However, based on requirements in Spain, it’s expected that all on board cruising vessels must social distance at a minimum of 1.5 metres from anyone not a family member; use face coverings in close quarters, such as in shops or on busy streets; and continue hygiene measures such as regular hand washing. Fines of €100 are being levied in Spain for breaking these rules.

CA president Julian Dussek said: “Of course, I’m delighted that many of our members will be able to do some sailing this summer.

“But there are still many challenges in getting to and equipping your boat, sailing safely, and identifying destinations where facilities are open and you can enjoy your stay.

“That’s where the CA comes in. If our members keep posting their experiences on our forums, it could make all the difference for another member following in your tracks.”

The CA website has a section regularly updated with the latest information for cruising in Europe and the Mediterranean.

Published in Cruising

The UK’s Cruising Association (CA) says it has confirmed with HM Revenue & Customs that it is their intention to legislate that dyed or ‘red’ diesel can only be used for agriculture, railways and non-commercial heating from April 2022.

This move would be in line with EU regulations and follows Ireland’s own ban on green diesel use for leisure boating that came into force at the start of this year.

The CA’s Regulations and Technical Services group (RATS) also confirms that the duty on standard white diesel for boats will be the same as the full rate paid on white road diesel in the UK.

This means that the present so called '60/40' fuel duty split will disappear — but commercial vessels, such as fishing boats, will still be able to claim a rebate on the full rate through their Marine Voyages Relief scheme.

But the HMRC says it is exploring the possibility of introducing a scheme that allows private pleasure craft to pay only the current lower rate for red diesel non-propulsion uses.

The CA says it “welcomes the clarification on the use of white diesel which should make it more conveniently available throughout the United Kingdom from marinas and ports as they will have to supply all marine vessels with one colour of diesel”.

The “bonus” of such a situation would be that boaters fulfil the SOLAS V regulations for sea voyages and “no longer have the concern of the presence of red diesel in their tanks when visiting EU maritime states”.

A public consultation will deal all issues involved in the proposed legislative change but there is no timetable for this amid the current Covid-19 pandemic.

A spokesperson for the CA’s RATS group says private pleasure craft from the UK should continue to legally use red diesel as they currently do, since it is still the only easily available diesel fuel at home marinas. The CA’s current advice on using dyed diesel wen visiting the EU is available HERE.

Published in Cruising

Newly updated 2020 editions of the UK Cruising Association’s three main inland waterways cruising guides for France, Belgium, the Netherlands and Germany have been published by the CA’s European Inland Waterways Section (EIWS) in time for the Christmas season.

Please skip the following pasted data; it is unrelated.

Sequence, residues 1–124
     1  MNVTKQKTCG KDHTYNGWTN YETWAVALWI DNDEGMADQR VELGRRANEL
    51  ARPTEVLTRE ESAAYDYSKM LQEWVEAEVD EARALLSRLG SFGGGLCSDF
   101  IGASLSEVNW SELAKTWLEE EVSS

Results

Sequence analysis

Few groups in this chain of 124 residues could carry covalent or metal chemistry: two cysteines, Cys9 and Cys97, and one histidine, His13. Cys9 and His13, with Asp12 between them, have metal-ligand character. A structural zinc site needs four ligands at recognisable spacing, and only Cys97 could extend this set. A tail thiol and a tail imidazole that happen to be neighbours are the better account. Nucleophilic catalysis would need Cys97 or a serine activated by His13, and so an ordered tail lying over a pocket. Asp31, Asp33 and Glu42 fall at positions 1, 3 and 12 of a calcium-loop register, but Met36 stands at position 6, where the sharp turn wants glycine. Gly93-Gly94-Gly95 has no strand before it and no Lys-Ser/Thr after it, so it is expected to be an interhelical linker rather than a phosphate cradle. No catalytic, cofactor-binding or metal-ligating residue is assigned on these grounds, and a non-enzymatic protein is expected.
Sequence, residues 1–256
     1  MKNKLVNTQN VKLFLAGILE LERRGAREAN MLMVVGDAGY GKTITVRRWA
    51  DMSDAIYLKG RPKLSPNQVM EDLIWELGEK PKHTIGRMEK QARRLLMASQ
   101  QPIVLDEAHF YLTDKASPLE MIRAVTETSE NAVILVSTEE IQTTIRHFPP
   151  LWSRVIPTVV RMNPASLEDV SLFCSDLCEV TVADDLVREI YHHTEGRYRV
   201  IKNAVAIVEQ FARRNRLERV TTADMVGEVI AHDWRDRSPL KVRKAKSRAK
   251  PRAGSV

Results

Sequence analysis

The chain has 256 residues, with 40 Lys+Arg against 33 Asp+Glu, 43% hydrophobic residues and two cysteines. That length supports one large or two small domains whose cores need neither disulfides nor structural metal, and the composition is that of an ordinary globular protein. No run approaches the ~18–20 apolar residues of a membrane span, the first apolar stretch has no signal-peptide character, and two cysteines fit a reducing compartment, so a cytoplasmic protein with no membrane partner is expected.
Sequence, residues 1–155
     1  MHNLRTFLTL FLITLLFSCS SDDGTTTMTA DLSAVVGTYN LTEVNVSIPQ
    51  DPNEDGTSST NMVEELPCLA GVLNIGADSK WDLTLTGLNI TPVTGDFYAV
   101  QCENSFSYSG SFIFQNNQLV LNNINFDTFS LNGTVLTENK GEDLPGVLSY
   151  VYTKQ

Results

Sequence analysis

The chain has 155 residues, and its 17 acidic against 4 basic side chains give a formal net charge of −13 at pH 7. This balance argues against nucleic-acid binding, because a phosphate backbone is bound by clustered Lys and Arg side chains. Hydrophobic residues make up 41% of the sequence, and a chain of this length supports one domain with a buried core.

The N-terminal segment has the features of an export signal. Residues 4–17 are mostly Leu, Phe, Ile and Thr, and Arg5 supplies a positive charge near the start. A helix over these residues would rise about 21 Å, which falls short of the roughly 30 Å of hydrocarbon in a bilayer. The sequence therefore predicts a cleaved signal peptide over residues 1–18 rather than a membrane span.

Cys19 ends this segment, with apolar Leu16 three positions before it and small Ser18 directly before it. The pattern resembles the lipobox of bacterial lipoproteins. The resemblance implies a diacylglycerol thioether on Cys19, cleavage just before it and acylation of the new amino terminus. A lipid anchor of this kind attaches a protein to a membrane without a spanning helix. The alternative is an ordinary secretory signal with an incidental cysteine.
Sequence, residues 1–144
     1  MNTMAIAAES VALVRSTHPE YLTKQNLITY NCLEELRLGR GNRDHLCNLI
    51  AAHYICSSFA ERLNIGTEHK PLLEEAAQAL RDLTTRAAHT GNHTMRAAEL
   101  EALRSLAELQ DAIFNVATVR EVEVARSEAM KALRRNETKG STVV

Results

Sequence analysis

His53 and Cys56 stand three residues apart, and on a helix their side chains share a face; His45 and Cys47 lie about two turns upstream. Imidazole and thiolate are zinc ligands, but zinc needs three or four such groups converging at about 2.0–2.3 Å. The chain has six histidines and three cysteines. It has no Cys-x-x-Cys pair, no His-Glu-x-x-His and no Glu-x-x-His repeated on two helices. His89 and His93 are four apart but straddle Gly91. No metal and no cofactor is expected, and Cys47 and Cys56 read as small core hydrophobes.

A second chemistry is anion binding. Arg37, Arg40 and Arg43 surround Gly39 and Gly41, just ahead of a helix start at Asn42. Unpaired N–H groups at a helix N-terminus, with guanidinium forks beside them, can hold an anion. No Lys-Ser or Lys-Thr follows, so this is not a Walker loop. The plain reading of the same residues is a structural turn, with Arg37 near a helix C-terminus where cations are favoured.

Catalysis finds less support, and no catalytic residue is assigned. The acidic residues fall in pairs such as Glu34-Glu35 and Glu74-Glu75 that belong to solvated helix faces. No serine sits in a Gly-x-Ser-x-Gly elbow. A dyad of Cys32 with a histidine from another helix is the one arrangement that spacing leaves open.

All three editions — Cruising the Inland Waterways of France and Belgium, Through the Netherlands via the Standing Mast Routes, and The German Rhine — reflect the more than 200 updates posted by EIWS members up to October 2019 on the CA’s unique CAptain’s Mate app.

The publications also include a 25% discount offer on the first year’s CA membership when paid by direct debit to anyone purchasing one of the guides up to 31 December 2020.

Members have access to the online editions of the guides, which contain hyperlinks to the CAptain's Mate app, enabling users to access the most up-to-date information on mooring locations.

All three guides are available via the Cruising Association online shop at or from the print-on-demand publisher Lulu.

In addition to these three guides, the CA’s European Inland Waterways Section also produces full-colour photo guides to moorings and other facilities on 12 French inland waterways. Members and non-members can find further information from the EIWS section online.

Published in Cruising
Tagged under

#LobsterPots - Are lobster pots a danger to yachts? That’s the question posed by Yachting Monthly as the UK’s Cruising Association relaunches its campaign to make static-gear fishing safer for small vessels.

The CA has already received nearly 4,000 signatures on its online petition to the Department for Environment, Food & Rural Affairs (DEFRA) to seek “views regarding forceable regulation among other options” for improving the way static fishing gear is marked.

Before its original petition was shut down until after this summer’s UK general election, nearly 6,000 people had signalled their support for the initiative which also has the backing of CA patron and yachting legend Sir Robin Knox-Johnston.

The RYA has additionally launched an online reporting form for boaters to identify incidents of entanglement with poorly marked static fishing gear.

“We think it is time for everybody with an interest to work together to find a solution, particularly one that is cheap and practical for our fishermen,” said a CA spokesperson.

Yachting Monthly has more on the story HERE.

Published in Fishing

#Cruising - The Cruising Association is set to launch a new section to cover activity in Ireland's busy cruising waters.

The London-headquartered organisation has set 19 October as the launch date for the new 'Celtic Seas' section, which will comprise the whole of Ireland plus the west coast of Scotland, the Isle of Man and the west coasts of England and Wales.

As Sail World reports, the proposed new section would complete the CA's coverage of the British Isles, along with the North Sea and Channel sections. Events and cruises-in-company would be arranged, not to mention the creation of a 'CelticNet' online forum for section members.